According to the Substance Abuse and Mental Health Services Administration, an estimated 28.6 million people aged 12 or older used an illicit drug in the past 30 days, (about one in ten Americans overall). About one in five individuals aged 12 to 20 were current alcohol users. Teenagers also commonly misuse prescription medicines to get high, or because they think the drugs will help them with school work. They may assume that using painkillers recreationally is safe because they are prescribed by a doctor.
States are increasingly looking to public schools as the front line of prevention. Even in elementary schools, programs are being developed to educate students about the dangers of substance abuse. School nurses are particularly important to these initiatives. Not only are they the first responders in any student health issues, but they can play a critical role in educating students about the dangers of drugs. For example, if a student comes to the nurse’s office with a headache, they might discuss hydration, sleep, exercise, and nutrition rather than reaching for painkillers.
The DEA and Discovery Education have teamed up to combat the growing epidemic of prescription opioid heroin use nationwide. This initiative is called Operation Prevention, and its mission is to educate students about the true impacts of opioids. For example, in elementary school, they might discuss how medications work in the body and why it is important to use them responsibly. They can also learn how to find and explain the dosage instructions on a prescription label. Important lessons to teach at this age involve self-control, emotional awareness, communication, social problem-solving, and academic support, especially in reading. Prevention programs for middle and high school students should focus on study habits and academic support, communication, peer relationships, self-efficacy and assertiveness, drug resistance skills, reinforcement of anti-drug attitudes, and strengthening of personal commitments against drug abuse. Sports and other after-school activities are also important, as students who spend time in extracurricular activities are 49 percent less likely to use drugs.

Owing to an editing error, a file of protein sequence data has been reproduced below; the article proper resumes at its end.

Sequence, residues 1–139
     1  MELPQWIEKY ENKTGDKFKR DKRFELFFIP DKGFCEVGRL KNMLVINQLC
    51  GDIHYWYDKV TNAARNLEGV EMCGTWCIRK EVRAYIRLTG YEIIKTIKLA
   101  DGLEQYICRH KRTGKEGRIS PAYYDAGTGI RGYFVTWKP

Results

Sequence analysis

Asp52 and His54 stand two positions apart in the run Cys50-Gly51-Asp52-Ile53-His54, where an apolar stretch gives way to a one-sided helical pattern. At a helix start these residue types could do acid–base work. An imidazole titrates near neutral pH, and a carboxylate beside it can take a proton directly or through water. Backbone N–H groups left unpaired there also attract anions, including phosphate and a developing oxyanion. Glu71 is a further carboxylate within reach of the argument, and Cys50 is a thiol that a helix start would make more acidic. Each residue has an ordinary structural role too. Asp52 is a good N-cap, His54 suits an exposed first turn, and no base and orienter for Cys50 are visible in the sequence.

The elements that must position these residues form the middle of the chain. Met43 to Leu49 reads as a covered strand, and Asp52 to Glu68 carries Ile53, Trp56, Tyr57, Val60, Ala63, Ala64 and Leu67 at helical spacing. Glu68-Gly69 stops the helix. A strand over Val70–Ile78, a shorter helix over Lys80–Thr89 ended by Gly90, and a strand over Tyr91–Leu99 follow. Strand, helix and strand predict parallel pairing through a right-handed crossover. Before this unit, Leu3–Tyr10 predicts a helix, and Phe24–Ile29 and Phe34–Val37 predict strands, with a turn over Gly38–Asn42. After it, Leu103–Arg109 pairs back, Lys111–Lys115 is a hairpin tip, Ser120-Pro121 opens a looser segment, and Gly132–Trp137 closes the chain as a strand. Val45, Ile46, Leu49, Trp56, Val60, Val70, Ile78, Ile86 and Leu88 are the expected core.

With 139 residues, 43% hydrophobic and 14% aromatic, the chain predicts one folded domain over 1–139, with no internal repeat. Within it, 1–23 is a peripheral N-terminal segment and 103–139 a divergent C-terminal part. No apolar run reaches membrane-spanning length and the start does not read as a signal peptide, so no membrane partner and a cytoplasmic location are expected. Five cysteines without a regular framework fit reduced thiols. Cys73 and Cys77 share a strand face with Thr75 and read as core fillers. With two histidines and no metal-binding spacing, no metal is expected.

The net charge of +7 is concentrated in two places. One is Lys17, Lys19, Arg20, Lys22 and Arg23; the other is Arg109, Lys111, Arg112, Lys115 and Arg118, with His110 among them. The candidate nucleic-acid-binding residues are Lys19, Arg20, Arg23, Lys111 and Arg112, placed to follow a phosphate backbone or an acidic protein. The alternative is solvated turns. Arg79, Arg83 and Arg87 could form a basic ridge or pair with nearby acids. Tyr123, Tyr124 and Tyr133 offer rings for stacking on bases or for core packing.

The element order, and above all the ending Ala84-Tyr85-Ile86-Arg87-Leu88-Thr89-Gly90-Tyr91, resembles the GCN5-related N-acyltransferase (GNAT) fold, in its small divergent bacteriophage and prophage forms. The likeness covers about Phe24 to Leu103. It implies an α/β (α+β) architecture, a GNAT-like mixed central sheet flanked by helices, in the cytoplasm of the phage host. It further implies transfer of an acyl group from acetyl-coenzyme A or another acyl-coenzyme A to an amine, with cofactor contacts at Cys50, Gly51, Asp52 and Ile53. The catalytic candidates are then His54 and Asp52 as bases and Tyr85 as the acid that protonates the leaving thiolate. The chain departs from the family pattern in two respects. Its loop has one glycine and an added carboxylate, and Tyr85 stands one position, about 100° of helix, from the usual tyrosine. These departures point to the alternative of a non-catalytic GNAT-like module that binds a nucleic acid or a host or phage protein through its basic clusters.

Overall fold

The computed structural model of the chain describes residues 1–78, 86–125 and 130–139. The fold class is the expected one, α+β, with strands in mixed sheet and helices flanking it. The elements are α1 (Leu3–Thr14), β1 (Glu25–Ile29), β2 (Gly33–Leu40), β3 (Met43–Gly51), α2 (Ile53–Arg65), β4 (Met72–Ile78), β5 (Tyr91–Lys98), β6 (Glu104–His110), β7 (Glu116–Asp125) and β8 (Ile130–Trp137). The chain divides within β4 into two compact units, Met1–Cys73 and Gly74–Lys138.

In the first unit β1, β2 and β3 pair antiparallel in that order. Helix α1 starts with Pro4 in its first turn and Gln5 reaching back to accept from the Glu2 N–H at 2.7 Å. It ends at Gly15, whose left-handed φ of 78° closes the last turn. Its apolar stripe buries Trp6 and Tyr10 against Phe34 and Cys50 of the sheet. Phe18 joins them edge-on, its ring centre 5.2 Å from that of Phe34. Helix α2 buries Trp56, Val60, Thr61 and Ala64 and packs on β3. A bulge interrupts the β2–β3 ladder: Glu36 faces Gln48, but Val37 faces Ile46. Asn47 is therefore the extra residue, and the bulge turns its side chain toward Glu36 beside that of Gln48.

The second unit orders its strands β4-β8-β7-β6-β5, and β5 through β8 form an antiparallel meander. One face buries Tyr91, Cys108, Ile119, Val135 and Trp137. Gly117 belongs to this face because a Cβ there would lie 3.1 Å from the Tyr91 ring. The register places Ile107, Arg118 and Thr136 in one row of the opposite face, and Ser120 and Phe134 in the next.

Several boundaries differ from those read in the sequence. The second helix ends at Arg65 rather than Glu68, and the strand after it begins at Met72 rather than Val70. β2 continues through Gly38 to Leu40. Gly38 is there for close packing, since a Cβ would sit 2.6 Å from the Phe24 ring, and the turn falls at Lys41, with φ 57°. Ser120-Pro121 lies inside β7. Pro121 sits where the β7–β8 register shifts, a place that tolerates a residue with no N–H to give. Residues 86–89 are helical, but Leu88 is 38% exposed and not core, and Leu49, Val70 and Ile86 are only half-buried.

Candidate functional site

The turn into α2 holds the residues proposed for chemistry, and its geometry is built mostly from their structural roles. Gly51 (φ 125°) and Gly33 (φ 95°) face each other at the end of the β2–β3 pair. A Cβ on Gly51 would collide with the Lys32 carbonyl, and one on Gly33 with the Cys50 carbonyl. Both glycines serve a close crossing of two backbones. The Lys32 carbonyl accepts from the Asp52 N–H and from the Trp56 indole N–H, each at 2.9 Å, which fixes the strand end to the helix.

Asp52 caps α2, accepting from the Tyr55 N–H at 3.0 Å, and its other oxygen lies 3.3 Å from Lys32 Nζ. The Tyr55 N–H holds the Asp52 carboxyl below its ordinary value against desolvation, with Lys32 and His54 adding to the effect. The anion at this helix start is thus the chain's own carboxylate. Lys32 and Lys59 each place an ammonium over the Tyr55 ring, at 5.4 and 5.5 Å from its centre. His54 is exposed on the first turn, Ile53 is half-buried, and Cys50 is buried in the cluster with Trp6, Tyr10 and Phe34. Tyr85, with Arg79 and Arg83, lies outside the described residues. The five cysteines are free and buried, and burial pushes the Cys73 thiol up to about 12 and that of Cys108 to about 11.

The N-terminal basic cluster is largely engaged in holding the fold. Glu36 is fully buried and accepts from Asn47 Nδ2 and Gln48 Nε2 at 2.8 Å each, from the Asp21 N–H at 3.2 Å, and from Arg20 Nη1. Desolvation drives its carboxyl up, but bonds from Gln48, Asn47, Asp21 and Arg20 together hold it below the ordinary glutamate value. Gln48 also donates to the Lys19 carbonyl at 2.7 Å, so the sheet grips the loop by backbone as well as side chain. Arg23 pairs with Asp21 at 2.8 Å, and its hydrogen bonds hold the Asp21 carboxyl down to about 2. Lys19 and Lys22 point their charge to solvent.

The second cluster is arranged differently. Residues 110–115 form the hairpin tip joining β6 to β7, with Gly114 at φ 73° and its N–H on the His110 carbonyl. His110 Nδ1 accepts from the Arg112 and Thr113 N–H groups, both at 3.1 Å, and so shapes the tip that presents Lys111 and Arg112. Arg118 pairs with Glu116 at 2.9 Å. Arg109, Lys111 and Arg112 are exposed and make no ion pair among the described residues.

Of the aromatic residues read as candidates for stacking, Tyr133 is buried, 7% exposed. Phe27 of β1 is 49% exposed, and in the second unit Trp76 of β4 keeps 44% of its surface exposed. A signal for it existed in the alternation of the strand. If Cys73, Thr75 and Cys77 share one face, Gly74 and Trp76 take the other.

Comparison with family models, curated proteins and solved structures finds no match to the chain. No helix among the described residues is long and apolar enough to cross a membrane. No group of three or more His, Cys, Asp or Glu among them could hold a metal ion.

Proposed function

Schools can work with parents, health care professionals, and the community to identify students who show behavioral risks for drug-related problems. By forming relationships with medical practitioners in the community, schools can contact them for assistance when a substance abuse problem is detected.
In June 2002, the U.S. Supreme Court broadened the authority of public schools to test students for illicit drugs by allowing random drug testing for all middle and high school students who participate in competitive extracurricular activities. This decision was controversial because recording positive drug test results on students’ permanent educational records, which could end up being viewed by colleges or potential employers, might have long-term negative effects. On the other hand, those exact negative effects might help prevent more young people from using drugs.
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